The Outer House of the Court of Session recently considered the allocation of availability/performance deductions in PPP/PFI projects and concluded that these deductions related only to failures in the provision of operational services, not failures in design or construction.
Allocation of deductions
The project was a schools PPP project in Scotland and the contractual structure was complex, albeit a standard PPP/PFI project structure. The contract structure is set out in the diagram below.
For a more detailed summary of the case click here. For the purposes of this post, the key issue concerned the liability of the construction sub-contractor (Construction Co) for deductions levied by the Authority against Project Co. The deductions had arisen from availability and performance failures under the project agreement between the Authority and Project Co.
Construction Co alleged that tables supplied by KCC, the sub-sub-contractor, did not conform to the specification, which in turn had caused Project Co to levy deductions against it under the construction contract. The issue before the court was simple: could Construction Co pass on these deductions to the sub-sub-contractor? The short answer from the court was no. The court concluded that deductions levied on Project Co by the Authority could not be passed on to Construction Co under the construction contract (and could not therefore be passed on again to the sub-sub-contractor). This was because the right to make deductions under the project agreement did not relate to the design and construction aspects of the project.
On its face, this is a surprising decision. PFI projects are structured so that Project Co can allocate, and pass on to either Construction Co or the FM sub-contractor (FM Co), as the case may be, deductions levied against it by the Authority under the project agreement.
The construction contract appeared to have covered all the bases in this sense. In essence, it provided that Construction Co would be liable for any deductions suffered by Project Co under the project agreement that were caused by Construction Co or any defect, fault or omission in the construction works.
What was the reasoning behind this decision?
The judge, Lord Glennie, made much of the distinction between the construction and operational elements of the project. He commented that under the construction contract, Construction Co’s obligation was simply to complete the works by a specified date, so that the operational period could commence at that date. He accepted that Construction Co was under an obligation to remedy snagging items within a specified period of completion, but he did not see any direct link between Construction Co breaching its obligations under the construction contract and Project Co suffering a deduction under the project agreement. In his view these deductions related to failures in the provision of operational services and not to the design and construction aspects of the project. In other words, the breach of the construction contract did not directly cause Project Co to suffer the deduction.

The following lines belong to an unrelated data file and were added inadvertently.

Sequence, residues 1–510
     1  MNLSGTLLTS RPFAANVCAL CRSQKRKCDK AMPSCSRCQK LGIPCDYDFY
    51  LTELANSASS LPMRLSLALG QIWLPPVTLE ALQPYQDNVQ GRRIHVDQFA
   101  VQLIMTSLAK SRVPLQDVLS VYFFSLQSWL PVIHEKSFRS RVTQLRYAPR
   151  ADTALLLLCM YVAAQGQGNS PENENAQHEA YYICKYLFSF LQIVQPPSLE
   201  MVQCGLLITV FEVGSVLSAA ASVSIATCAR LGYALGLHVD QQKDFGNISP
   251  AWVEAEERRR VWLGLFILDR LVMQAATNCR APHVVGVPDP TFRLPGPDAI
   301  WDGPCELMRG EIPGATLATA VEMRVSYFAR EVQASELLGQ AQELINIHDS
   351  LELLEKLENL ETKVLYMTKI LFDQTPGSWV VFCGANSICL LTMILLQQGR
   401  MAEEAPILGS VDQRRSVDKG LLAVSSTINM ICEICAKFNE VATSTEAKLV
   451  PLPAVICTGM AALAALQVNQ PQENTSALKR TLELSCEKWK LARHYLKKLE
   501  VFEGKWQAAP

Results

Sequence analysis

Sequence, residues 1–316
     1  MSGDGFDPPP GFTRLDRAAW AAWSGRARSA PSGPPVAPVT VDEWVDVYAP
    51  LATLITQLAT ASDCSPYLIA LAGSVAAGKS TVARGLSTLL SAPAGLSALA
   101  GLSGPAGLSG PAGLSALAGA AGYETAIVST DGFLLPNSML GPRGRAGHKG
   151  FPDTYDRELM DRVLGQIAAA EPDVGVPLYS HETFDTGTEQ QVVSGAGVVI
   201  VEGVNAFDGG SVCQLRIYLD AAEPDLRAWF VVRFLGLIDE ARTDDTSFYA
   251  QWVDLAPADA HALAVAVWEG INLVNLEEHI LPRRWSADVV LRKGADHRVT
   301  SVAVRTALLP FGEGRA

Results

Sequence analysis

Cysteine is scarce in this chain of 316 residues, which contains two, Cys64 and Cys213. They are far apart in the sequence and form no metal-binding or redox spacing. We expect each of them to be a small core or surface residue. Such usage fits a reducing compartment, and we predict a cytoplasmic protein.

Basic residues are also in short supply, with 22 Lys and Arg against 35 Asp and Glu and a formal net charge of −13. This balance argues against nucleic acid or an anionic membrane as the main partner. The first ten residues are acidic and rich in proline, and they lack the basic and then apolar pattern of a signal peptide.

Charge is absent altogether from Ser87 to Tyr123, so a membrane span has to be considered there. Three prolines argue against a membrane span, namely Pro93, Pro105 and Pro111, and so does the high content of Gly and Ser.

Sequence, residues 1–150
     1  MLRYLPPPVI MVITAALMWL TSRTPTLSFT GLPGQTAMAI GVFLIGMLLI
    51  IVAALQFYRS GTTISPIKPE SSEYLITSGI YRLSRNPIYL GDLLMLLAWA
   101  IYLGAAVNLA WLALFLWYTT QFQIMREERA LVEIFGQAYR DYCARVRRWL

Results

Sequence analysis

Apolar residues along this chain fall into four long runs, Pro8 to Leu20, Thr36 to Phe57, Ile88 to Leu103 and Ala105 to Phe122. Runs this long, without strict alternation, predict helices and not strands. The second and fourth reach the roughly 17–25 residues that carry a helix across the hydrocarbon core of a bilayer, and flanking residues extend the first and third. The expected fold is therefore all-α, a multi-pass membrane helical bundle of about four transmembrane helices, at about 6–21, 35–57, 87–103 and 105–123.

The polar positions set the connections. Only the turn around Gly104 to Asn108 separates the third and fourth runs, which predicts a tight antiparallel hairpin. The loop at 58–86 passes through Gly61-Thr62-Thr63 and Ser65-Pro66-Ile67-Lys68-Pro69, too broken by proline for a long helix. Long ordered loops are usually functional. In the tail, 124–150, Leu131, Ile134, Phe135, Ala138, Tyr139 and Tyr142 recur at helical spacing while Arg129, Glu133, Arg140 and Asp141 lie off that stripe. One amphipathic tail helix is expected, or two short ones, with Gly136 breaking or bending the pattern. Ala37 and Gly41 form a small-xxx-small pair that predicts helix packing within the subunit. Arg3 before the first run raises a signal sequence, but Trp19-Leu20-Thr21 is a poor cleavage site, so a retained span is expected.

The judge concluded that the deductions were likely to arise from failures by FM Co and that, in the first instance, deductions made by the Authority under the project agreement should be passed down through the FM contract and not the construction contract. This may send a chill through FM Cos who, in our experience, already face an uphill battle to convince Project Co to allocate deductions to Construction Co once the services have commenced, even where the deductions have clearly been caused by a construction defect.
Does this mean that availability/performance deductions can never be allocated to Construction Co because, by definition, these will only ever be applied during the operational period?
Even if this case was binding authority in England, the answer to this question would be no.
The decision in this case seemingly turned on the basis of Construction Co’s pleaded case. The judge was right that, to the extent the failure to install the tables led to a deduction during the operational period for poor performance, Construction Co had no immediate liability for poor performance and no immediate liability for the deduction.
However, as acknowledged by the judge, Construction Co’s breach may have caused (a) Project Co to incur a deduction or (b) FM Co to incur a deduction. On Hadley v Baxendale grounds, Construction Co could be liable for a sum equivalent to that deduction. The problem for the court was that Construction Co did not raise that argument. In seeking to pass the deduction on to the sub-sub-contractor, KCC, Construction Co simply argued that it had primary responsibility for the deduction.
What lessons we can learn from this?
- Where a certificate of service commencement (or its equivalent) has been issued, make sure that Construction Co is liable for sums equivalent to any deduction made against Project Co in the operational period, where the deduction is caused by a breach of the construction contract by Construction Co (including latent defects).
- Where a deduction is levied on Project Co during the operational period in these circumstances, make sure that the construction contract is clear that Construction Co is liable for sums equivalent to the deductions levied on Project Co and not primarily liable for the deductions.
Next week we look at issues arising out of the interface agreement.